The newest aircraft to join the MotoArt fleet is a Mitsubishi A6M3 Zero, one of the most iconic aircraft of World War II. More Zeros were produced than any other Japanese wartime plane but many were lost to the war, or succumbed to the elements after landing, or by scrapping, so finding one was a miracle. Much less, an A6M3 Model 32, of which only 343 were made. Read more about the Zero and how #3148 was found.
A6M3 Model 32 Common Type, Public Domain Photo
The Mitsubishi A6M “Zero” was a long range, carrier capable fighter flown by the Imperial Japanese Navy Air Service from 1940 to 1945. Designated as the Mitsubishi Navy Type 0 carrier fighter, and referred to as the Reisen (zero fighter) by its pilots, the Zero first flew in 1939 and entered service in 1940.
They were designed from a 1937 Navy requirement for a fast, maneuverable long range fighter. The resulting aircraft had the speed and unmatched maneuverability, excellent climb rate, extensive range - but also limited engine power, lack of armor, and self-sealing fuel tanks. Their legend became known after a group of 13 Zeros ambushed a Chinese squadron in 1940; no Zeros were damaged. In the 18 months prior to Pearl Harbor, they shot down 103 Chinese aircraft, with a loss of only 2 Zeros. The Flying Tigers sounded the alarm about these incredible fighters but it wasn’t until Pearl Harbor when the Allies took notice.
Check out this training film, starring Ronald Reagan as a fighter pilot, to teach folks how to spot a Zero, and recognize differences between the U.S. P-40 and the Zero.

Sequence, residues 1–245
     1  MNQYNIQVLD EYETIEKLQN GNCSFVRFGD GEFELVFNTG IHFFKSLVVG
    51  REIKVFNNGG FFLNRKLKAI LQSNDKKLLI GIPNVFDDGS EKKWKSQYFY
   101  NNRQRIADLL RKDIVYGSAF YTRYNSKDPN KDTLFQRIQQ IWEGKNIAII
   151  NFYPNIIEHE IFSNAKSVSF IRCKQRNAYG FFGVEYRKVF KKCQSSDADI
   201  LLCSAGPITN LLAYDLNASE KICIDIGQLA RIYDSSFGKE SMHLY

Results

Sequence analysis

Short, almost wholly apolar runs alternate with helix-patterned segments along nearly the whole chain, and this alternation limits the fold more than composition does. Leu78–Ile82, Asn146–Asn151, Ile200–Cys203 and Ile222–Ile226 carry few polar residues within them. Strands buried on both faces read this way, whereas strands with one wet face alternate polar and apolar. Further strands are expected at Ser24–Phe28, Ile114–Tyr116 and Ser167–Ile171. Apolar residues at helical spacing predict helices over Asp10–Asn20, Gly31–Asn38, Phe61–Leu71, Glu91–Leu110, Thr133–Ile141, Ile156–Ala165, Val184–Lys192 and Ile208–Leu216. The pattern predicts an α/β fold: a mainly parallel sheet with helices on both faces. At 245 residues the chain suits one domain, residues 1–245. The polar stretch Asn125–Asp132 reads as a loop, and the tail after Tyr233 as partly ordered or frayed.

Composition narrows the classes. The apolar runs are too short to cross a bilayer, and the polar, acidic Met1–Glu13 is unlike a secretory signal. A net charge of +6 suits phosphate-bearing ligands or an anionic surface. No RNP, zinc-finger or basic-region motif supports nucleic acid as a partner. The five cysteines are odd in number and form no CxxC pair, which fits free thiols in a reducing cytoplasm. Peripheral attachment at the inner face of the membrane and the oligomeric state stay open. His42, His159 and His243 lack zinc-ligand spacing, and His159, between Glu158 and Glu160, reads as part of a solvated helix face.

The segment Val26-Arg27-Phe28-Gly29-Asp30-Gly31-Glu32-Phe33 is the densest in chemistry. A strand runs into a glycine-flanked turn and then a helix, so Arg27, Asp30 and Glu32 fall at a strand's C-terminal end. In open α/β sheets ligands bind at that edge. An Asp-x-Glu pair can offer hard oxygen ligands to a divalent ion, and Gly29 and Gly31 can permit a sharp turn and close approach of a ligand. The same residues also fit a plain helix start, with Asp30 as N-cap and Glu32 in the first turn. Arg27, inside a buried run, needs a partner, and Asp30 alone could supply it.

The A6M3, Model 32, was thought to be a completely different airplane type by the Allies when they first spotted it. The wings had been redesigned, among other things, and it was given the code name “Hamp”, which was dropped once Allies realized it was another Zero model. It also featured the Nakajima Sakae 21 engine and was designed with an eye on lighter structural weight. Lightening holes were used wherever possible. Protective armor and self sealing tanks were completely eliminated. Speed was increased by only 11 km/h (6.8 mph) compared to previous models, but these changes sacrificed almost 1,000 km (620 miles) in range. Production began in April 1942. By the end of November 1942, 317 had been built and they were being produced at the rate of about 2.2/day. Check out this Model 32 design analysis for the full picture.
Our Zero, # 3148, was born in the height of World War II, with funds gifted from the school children of the Middle Schools of Manchuria. It was delivered to the Imperial Japanese Navy Air Service in 1942 and was assigned to the 252nd Kōkūtai (Navy Air Group) in the Marshall Islands airfield Taroa. History puts 3148 right in the middle of a storied battle for the Japanese-held island of Nauru in 1943, when USAAF Lt. Louis Zamperini’s B-24D was shot at and badly damaged by a group of Zeros. 3148 was, by his own recollection, almost certainly flown by Miyazaki Isamu, an IJNAF ace pilot who fought in most of the South Pacific theaters. However, it was damaged beyond repair, not by combat but by bomb splinters after Taroa was bombed by F6F Hellcats.
The history of 3148 comes alive with artist and aviation enthusiast Ron Cole’s telling - see Tale of a Zero Fighter . Mr. Cole vividly describes the factory where 3148 was manufactured.